So the next time you encounter a surreal piece of art, literature, or film, take a moment to look for these common themes. You might find that it gives you a whole new appreciation for the surreal!

Influence of Surrealism on Contemporary Art

After we've peeled back some layers of the definition of surrealism, let's shift our gaze to its impact on contemporary art. You may wonder: 'Did this curious genre leave a lasting mark?' The answer is a resounding yes.

Surrealism, with its dream-inspired visuals and thought-provoking themes, has significantly influenced modern art. One of the most apparent influences is the continued exploration of the subconscious. This concept, deeply rooted in surrealism, has been adopted and reimagined by many contemporary artists. Today, you'll see artworks that channel deep-seated emotions, inner fears, or hidden desires — a concept born in the surrealism era.

Another influence of surrealism on contemporary art is the element of surprise. Surrealist artists loved to shock their audience, and that love has not faded in today's art world. Modern artists often use unexpected elements or juxtapositions to create a sense of surprise or provoke a reaction, much like their surrealist predecessors did.

Finally, the surrealists' passion for challenging reality has become a staple in contemporary art. Many modern artists strive to distort our perception of reality, pushing us to question, ponder, and perceive our world differently. Whether it's through abstract shapes, distorted figures, or unlikely scenarios, the influence of surrealism is undeniable.

So, next time you stumble upon a piece of contemporary art that seems strange or thought-provoking, remember: it may have been inspired by the surrealists. Their legacy continues to spark creativity, challenge norms, and redefine the definition of art.

How to Identify Surrealist Work

Now that we've explored the definition of surrealism and its influence, you might be wondering: 'How can I spot surrealism in the wild?' Well, identifying surrealist work can be a bit like a treasure hunt, but here are some clues to guide you along the way.

Firstly, surrealism often explores the world of dreams and the subconscious. If you come across a piece that seems to defy logic, pulling elements from a dream or nightmare, you may be looking at a surrealist work. These pieces often blend reality with fantasy, creating a world that's both familiar and alien.

Secondly, surrealism loves the element of surprise. Surrealist works often include unexpected combinations of objects or ideas that you wouldn't usually see together. For example, a fish flying through the sky or a clock melting like cheese. If a piece of art leaves you scratching your head in surprise or confusion, it might just be surrealism.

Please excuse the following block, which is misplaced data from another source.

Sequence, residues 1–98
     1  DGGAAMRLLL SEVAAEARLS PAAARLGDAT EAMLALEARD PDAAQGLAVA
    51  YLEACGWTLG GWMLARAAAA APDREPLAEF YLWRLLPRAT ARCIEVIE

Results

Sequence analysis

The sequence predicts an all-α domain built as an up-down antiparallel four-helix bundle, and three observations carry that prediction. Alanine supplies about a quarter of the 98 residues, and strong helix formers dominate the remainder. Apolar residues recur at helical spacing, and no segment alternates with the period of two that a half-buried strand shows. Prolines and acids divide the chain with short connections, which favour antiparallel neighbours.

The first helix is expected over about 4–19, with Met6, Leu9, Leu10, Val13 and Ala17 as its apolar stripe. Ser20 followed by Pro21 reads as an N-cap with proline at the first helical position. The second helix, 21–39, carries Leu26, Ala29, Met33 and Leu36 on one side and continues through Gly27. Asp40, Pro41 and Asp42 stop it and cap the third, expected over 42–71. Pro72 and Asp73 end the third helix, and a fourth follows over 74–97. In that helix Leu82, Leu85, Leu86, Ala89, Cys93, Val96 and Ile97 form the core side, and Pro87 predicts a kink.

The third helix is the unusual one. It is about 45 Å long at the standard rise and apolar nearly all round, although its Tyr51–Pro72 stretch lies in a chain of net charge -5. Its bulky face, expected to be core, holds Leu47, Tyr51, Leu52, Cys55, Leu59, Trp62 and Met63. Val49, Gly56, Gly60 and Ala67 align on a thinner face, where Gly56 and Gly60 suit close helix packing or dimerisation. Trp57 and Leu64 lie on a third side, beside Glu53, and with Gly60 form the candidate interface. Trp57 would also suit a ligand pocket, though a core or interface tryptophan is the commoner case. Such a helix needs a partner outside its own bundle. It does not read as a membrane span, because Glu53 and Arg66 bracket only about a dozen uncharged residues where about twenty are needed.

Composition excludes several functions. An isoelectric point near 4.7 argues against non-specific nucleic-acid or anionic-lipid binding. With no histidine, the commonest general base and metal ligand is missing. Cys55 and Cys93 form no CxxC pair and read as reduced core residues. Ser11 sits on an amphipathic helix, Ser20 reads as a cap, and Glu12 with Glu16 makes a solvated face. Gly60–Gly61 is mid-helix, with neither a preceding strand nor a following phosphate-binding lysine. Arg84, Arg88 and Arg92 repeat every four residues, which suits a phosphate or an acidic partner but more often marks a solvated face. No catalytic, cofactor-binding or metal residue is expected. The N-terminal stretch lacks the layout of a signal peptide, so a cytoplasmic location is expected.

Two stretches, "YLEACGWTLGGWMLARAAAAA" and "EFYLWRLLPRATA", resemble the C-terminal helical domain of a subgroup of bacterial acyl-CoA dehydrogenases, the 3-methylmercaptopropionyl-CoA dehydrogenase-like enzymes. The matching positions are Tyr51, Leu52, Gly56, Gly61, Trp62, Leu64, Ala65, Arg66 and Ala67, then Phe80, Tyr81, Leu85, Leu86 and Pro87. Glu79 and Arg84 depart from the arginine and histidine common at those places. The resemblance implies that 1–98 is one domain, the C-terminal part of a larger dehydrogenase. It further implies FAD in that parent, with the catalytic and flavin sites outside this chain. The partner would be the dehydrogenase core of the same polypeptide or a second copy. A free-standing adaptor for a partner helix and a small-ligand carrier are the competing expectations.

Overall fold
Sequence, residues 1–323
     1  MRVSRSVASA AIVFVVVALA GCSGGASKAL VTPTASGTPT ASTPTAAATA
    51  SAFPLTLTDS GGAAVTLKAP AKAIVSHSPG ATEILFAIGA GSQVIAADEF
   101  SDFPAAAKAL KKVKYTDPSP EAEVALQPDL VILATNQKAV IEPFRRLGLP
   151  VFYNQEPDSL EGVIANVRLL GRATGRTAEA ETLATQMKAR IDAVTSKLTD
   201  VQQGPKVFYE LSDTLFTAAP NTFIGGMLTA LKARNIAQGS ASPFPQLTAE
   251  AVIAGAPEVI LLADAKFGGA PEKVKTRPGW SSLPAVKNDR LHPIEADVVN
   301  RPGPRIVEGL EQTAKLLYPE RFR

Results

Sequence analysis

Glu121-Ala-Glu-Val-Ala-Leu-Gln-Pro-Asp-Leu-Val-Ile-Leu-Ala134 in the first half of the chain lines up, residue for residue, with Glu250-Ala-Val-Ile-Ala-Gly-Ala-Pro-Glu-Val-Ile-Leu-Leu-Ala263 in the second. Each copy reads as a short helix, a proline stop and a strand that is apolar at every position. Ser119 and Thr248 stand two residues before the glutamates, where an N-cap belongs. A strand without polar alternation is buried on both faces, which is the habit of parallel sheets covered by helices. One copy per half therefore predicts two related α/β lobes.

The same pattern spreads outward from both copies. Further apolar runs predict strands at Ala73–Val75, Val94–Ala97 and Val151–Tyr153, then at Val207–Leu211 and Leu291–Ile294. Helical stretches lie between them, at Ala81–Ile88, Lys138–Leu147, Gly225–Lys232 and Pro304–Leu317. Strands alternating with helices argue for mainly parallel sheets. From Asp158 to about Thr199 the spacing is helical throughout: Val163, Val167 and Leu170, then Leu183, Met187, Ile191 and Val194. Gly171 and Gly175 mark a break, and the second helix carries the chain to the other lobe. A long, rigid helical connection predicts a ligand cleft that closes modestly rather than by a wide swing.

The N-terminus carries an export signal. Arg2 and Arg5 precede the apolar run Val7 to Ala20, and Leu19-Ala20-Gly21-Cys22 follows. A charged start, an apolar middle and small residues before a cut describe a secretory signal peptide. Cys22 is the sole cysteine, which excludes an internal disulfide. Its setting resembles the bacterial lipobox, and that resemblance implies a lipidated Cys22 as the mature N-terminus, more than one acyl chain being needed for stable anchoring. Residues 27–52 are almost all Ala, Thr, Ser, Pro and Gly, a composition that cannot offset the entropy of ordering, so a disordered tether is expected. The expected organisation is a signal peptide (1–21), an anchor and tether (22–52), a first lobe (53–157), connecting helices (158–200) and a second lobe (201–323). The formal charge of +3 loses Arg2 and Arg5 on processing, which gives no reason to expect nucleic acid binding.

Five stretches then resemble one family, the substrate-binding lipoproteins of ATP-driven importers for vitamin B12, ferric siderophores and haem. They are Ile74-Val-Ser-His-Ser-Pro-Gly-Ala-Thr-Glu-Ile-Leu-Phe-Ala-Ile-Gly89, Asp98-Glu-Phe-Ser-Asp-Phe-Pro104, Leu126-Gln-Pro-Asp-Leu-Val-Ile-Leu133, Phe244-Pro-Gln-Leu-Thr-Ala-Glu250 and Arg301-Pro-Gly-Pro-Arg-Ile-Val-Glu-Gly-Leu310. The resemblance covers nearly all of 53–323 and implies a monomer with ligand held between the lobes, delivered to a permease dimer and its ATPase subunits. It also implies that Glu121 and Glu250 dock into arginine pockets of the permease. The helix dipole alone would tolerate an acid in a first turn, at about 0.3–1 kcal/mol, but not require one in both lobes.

Lastly, look for the exploration of the irrational and the bizarre. Surrealist artists were fascinated by the mysteries of the human mind and often depicted irrational scenes or nonsensical situations. If an artwork makes you question reality or ponder the mysteries of the mind, there's a good chance it's surrealism.

Remember, surrealism is all about challenging norms and pushing boundaries. So, don't be afraid to question, explore, and let your imagination run wild. After all, that's exactly what the surrealists would have wanted!

Why Surrealism Matters

So, we've made it all this way, but you might still be wondering, 'Why does surrealism matter?'. Well, let's get into it.

Surrealism, in its essence, encourages thinking outside the box. It dares us to question reality, to blur the lines of what we perceive as normal, and to delve into the depths of our subconscious minds. It pushes boundaries and breaks down conventions. And in a world that can often seem too rigid or formulaic, isn’t this refreshing?

Furthermore, surrealism has inspired countless artists, filmmakers, writers, and thinkers across the globe. It has left its mark on pop culture, advertising, and even our daily lives. Without surrealism, we might not have iconic works like Salvador Dali's "The Persistence of Memory" or Rene Magritte's "The Son of Man". Imagine a world without those melting clocks or that apple-faced man!

Finally, surrealism matters because it reminds us of the power of imagination. It shows us that art isn't just about replicating the world as we see it, but about creating new worlds, new visions, and new ways of thinking. It tells us that it's okay to dream, to be irrational, to be different.

So, the next time you see a surrealistic painting or read a surrealistic poem, take a moment to appreciate it. Remember, that piece of art is not just a collection of weird images or words. It's a testament to the boundless creativity of the human mind, a challenge to the status quo, and a celebration of the beautifully bizarre. Now isn't that something worth valuing?

If you enjoyed our Comprehensive Guide to Understanding Surrealism and want to dive deeper into the world of surreal art, don't miss the workshop 'Intro to Surreal Art' by Andrea Orejarena. This workshop will help you explore the fascinating world of surrealism and provide you with a solid foundation to create your own surreal art pieces.